Pacific Railway Acts

Pacific Railway Acts

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The Pacific Railroad Acts were a series of acts of Congress that promoted the construction of the transcontinental railroad
Transcontinental railroad
A transcontinental railroad is a contiguous network of railroad trackage that crosses a continental land mass with terminals at different oceans or continental borders. Such networks can be via the tracks of either a single railroad, or over those owned or controlled by multiple railway companies...

 in the United States
United States
The United States of America is a federal constitutional republic comprising fifty states and a federal district...

 through authorizing the issuance of government bond
Government bond
A government bond is a bond issued by a national government denominated in the country's own currency. Bonds are debt investments whereby an investor loans a certain amount of money, for a certain amount of time, with a certain interest rate, to a company or country...

s and the grants of land
Land grant
A land grant is a gift of real estate – land or its privileges – made by a government or other authority as a reward for services to an individual, especially in return for military service...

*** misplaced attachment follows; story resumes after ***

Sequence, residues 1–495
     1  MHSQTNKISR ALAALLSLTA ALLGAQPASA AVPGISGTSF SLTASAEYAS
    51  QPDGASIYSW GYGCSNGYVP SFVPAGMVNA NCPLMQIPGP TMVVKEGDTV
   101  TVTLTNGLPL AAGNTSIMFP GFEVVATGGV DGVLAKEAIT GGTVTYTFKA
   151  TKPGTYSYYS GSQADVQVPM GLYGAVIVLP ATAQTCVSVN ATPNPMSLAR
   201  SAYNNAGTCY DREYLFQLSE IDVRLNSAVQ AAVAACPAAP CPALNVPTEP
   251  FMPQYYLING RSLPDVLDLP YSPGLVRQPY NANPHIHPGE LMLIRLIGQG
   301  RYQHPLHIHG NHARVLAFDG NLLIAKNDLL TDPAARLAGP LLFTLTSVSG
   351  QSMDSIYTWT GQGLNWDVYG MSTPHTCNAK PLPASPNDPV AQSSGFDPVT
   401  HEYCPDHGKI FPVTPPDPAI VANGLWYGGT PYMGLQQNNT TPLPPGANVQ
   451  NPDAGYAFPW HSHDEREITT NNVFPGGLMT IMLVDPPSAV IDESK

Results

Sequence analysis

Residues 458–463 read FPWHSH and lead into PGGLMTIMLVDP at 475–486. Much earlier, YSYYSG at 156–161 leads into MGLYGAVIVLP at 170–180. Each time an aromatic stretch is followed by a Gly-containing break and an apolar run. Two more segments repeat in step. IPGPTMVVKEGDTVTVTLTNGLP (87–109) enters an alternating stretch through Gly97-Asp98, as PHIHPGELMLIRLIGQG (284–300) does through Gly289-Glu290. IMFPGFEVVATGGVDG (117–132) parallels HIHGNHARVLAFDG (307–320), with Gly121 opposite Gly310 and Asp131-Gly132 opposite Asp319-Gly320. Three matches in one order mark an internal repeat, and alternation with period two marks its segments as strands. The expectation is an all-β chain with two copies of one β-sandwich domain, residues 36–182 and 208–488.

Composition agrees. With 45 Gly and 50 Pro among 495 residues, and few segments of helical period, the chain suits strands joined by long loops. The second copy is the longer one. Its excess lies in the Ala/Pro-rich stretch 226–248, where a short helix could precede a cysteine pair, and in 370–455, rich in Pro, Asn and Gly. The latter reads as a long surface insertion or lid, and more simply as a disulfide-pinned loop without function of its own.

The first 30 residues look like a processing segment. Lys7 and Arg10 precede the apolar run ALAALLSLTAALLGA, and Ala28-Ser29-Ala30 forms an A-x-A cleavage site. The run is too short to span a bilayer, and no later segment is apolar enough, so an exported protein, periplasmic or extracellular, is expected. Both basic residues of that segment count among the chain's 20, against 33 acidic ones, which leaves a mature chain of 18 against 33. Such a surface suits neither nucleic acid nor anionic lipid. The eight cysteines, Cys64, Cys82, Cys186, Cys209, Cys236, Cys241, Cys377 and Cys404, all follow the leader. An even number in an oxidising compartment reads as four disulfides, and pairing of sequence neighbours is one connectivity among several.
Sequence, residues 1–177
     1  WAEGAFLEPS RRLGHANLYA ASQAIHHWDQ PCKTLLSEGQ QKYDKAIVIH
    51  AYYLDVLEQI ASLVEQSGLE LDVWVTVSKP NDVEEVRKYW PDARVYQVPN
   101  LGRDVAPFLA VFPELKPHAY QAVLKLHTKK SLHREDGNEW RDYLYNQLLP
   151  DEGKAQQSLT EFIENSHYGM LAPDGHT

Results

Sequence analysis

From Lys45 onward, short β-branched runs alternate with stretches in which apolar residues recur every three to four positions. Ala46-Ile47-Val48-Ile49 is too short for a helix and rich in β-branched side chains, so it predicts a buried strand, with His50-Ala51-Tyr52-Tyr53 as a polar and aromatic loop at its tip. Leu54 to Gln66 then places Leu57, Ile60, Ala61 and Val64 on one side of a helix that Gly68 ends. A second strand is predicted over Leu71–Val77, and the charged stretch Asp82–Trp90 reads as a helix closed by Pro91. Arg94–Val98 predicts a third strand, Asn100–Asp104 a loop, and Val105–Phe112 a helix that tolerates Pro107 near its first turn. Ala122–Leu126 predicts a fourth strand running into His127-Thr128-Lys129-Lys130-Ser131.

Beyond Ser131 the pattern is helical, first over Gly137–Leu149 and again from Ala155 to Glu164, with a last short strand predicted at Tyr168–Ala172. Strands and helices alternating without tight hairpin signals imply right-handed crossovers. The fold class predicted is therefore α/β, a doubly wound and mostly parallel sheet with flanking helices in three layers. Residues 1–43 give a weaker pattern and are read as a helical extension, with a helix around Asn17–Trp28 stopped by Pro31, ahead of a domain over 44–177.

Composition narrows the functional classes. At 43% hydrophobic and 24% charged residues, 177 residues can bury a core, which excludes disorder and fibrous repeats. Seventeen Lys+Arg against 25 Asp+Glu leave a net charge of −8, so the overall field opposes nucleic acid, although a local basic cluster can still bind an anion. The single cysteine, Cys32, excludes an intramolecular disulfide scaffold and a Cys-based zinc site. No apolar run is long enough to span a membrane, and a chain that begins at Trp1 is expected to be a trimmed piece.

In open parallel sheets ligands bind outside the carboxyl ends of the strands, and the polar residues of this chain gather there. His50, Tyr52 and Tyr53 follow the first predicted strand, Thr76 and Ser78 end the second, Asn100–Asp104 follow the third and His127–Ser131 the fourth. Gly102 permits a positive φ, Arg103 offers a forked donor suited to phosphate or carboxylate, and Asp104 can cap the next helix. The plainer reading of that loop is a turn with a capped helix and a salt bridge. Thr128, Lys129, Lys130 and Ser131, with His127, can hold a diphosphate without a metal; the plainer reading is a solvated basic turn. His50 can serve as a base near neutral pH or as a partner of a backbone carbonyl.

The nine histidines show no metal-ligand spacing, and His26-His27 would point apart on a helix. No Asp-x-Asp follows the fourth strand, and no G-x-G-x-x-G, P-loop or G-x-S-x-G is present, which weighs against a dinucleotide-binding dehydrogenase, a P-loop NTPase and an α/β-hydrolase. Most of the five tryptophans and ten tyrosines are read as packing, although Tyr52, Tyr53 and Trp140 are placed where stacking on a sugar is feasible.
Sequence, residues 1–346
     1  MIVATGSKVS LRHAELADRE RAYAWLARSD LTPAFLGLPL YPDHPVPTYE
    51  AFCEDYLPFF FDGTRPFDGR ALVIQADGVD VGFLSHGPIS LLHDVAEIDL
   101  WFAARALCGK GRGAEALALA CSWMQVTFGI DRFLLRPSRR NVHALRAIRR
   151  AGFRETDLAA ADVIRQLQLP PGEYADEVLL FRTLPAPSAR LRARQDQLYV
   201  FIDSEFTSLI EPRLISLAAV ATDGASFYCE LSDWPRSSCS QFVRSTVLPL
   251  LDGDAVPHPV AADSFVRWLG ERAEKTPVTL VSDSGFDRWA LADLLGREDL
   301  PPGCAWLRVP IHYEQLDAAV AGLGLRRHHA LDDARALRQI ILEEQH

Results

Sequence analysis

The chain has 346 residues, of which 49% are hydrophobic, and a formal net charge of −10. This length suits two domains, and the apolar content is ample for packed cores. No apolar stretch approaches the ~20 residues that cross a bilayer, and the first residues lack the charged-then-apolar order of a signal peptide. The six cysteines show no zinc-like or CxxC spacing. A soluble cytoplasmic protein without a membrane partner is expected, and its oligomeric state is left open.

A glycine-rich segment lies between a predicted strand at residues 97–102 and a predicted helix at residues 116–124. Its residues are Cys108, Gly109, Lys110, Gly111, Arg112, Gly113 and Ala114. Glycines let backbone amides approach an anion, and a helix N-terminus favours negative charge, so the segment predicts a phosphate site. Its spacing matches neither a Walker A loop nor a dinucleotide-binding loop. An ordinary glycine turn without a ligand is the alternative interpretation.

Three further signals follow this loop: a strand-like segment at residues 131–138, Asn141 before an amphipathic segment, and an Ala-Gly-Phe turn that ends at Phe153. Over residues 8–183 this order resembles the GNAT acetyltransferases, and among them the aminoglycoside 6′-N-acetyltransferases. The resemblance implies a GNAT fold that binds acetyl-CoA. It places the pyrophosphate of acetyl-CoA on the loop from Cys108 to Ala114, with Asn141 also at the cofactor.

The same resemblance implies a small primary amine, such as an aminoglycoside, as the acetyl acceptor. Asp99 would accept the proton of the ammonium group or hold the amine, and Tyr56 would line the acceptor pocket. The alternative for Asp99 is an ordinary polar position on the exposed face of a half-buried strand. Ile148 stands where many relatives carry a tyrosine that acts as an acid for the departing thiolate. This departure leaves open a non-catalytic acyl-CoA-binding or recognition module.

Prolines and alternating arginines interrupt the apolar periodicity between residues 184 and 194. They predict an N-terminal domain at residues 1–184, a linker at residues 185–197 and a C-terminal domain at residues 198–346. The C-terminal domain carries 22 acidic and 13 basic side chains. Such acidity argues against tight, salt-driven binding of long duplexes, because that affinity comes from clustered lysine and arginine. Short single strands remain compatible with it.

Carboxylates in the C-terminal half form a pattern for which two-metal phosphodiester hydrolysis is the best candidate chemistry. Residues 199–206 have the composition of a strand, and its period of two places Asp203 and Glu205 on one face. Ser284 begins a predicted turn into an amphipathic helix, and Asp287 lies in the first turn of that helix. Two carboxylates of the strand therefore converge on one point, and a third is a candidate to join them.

to railroad companies. The Pacific Railroad Act of 1862 (12 Stat. 489) was the original act. Some of its provisions were subsequently modified, expanded, or repealed by four additional amending Acts: The Pacific Railroad Act of 1863 (12 Stat. 807), Pacific Railroad Act of 1864 (13 Stat. 356), Pacific Railroad Act of 1865 (13 Stat. 504), and Pacific Railroad Act of 1866 (14 Stat. 66)

1862 Act


The original Act's long title
Long title
The long title is the formal title appearing at the head of a statute or other legislative instrument...

 was An Act to aid in the construction of a railroad and telegraph line from the Missouri river to the Pacific ocean, and to secure to the government the use of the same for postal, military, and other purposes. It was based largely on a proposed bill